By getting clear on your priorities every week and communicating these on your schedule, it can be easier to start saying no to pointless meetings, and plan for fewer, more productive meetings yourself. Reserve your afternoons for scheduling 1:1s and team meetings so that your mornings can be dedicated to productive deep work, or consider implementing a no-meeting day at your company for everyone to have one day a week dedicated to independent task work!
6. Integrate project management apps with your calendar
Project management apps are effective tools for managing your team’s workflow, delegating individual tasks to assignees, and organizing project statuses – but there’s a major gap between the to-do list and actually finding the time to get it done.
To avoid the additional task of having to manually time block work items in your calendar (and deal with rescheduling them if something comes up) – many professionals are saving hours every week by integrating their task list from their favorite project management apps right into their weekly schedule. Reclaim currently features native integrations for ClickUp, Asana, Jira, Todoist, Linear, and Google Tasks (with more coming soon) directly with Google Calendar.
7. Take breaks after deep work
Pushing yourself to productively work through cognitively demanding deep work tasks does not mean you should be mentally draining yourself. There’s only so much you can take on in a day.
Maybe you find you ‘flow’ best with a couple two-hour focused work sessions in the morning, and a long lunch break before diving into shallow work in the afternoon. Or, if you prefer shorter, more frequent breaks as you find it difficult to get into a flow state, implementing the Pomodoro technique for your deep work might be more effective. This method recommends shorter, distraction-free sessions and mindful break intervals to rest your eyes and drink some water (not hop on social media or check your email). Do what feels best for you, and remember that maximizing your productivity starts by taking care of yourself, to avoid complications like mental exhaustion down the line.
8. Audit your time spent on deep work & shallow work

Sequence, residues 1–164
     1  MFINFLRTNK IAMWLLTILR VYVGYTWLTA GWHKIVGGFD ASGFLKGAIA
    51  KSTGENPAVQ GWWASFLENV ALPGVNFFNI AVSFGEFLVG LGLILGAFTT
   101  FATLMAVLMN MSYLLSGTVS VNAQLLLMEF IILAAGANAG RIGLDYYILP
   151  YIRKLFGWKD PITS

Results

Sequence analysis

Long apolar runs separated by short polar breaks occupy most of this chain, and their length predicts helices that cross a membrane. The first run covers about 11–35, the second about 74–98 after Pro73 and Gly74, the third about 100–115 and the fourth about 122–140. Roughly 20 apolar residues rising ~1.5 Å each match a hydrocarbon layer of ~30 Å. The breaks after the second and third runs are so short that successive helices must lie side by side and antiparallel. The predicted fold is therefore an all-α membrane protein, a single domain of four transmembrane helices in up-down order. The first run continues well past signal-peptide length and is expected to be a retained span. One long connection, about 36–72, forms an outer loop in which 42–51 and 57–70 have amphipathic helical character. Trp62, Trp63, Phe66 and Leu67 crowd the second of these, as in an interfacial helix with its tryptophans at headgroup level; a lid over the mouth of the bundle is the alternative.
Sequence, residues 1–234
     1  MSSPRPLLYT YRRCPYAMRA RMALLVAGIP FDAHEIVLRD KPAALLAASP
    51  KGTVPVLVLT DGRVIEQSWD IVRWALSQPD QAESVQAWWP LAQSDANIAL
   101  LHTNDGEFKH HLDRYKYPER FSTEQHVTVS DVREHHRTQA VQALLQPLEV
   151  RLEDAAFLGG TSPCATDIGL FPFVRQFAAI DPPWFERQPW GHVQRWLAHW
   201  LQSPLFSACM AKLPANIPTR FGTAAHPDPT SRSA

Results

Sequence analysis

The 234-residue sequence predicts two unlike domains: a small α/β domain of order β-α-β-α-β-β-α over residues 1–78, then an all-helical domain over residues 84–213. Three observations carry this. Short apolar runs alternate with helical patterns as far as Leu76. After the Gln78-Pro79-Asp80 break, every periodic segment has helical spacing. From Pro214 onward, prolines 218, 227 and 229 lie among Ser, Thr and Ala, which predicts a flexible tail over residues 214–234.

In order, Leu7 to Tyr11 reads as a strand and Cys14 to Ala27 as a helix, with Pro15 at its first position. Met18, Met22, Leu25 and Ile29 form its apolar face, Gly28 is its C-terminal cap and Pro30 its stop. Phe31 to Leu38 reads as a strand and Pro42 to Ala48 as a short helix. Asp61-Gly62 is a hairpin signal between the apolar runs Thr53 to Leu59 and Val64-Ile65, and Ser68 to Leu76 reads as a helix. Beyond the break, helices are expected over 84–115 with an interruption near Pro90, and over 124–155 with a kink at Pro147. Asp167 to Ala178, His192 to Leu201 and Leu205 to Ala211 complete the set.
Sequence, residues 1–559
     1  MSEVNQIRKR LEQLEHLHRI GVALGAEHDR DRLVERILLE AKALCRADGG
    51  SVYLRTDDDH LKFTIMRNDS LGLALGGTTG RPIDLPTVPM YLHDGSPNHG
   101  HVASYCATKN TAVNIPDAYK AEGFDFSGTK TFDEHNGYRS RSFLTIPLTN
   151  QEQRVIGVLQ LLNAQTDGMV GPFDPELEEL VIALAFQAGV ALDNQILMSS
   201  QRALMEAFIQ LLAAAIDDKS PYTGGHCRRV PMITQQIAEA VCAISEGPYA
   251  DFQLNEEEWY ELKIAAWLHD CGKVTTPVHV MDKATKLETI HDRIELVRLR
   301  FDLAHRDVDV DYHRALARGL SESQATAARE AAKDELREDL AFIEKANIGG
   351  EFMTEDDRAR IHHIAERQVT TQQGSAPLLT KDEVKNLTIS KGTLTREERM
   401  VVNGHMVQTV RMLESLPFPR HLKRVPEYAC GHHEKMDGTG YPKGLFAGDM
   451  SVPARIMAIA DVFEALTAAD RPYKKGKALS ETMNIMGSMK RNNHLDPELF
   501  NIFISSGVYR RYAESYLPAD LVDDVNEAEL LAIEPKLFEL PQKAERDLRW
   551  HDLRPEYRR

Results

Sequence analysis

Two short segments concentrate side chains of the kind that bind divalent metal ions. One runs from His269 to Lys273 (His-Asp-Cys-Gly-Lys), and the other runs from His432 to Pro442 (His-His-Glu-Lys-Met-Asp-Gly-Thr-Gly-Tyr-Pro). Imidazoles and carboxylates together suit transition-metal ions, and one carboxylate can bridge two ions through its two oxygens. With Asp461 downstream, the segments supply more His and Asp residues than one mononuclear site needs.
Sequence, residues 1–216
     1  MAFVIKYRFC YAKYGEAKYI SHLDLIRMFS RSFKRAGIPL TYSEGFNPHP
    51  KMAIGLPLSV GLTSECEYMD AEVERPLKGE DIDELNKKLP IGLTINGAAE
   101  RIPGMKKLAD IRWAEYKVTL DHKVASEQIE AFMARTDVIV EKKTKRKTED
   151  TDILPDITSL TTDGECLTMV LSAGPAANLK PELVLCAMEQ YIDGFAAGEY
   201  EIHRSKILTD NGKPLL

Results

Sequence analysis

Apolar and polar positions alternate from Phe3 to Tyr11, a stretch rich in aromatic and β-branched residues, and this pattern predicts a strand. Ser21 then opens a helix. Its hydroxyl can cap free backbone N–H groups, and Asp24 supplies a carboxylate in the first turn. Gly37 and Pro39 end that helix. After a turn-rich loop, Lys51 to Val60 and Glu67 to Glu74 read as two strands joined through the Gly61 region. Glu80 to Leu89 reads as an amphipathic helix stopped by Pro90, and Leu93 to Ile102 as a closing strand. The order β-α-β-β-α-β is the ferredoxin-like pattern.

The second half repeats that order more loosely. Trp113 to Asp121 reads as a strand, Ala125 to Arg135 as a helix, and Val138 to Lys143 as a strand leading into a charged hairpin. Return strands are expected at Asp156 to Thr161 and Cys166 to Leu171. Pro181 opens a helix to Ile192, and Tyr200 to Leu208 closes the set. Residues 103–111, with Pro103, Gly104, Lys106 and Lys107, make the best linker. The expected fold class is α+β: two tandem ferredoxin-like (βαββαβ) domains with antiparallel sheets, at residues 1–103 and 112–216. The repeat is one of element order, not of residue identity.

How many of your planned tasks did you complete this week? What habits did you make time for? What was left unfinished on your to-do list by Friday afternoon? Regularly auditing your calendar can help give you quantitative insight as to where your time is going, whether it is aligned with your goals and priorities, and where it may be getting misallocated.
Maximizing your productivity also means being proactive and defensive with your time and availability. The average professional wastes almost half of their workday due to a lack of organization, and with at least 150 different tasks on their plate at a time, it’s no shocker that 41% of their to-do list never gets done. Regular time audits can help you pinpoint time sinks, say ‘no’ to things you don’t have time for, and minimize daily distractions – so that you can get more of your task-list done, and defend your limited time for the things that are important to you.
Increase your productivity with deep work 🧠
Finding a balance between deep work and shallow work helps you develop a manageable schedule, keeps you on top of your to-dos, and also defends sufficient time for you to productively work on your most cognitively demanding tasks.
By tapping into the magic of deep work, and better managing the boring (albeit necessary) everyday shallow busywork – you can work to find greater fulfillment in your skill, get more quality work accomplished in less time, and provide an even better value to your team. As per Cal Newport, “a deep life is a good life”, and in the end that’s really what we’re really all about.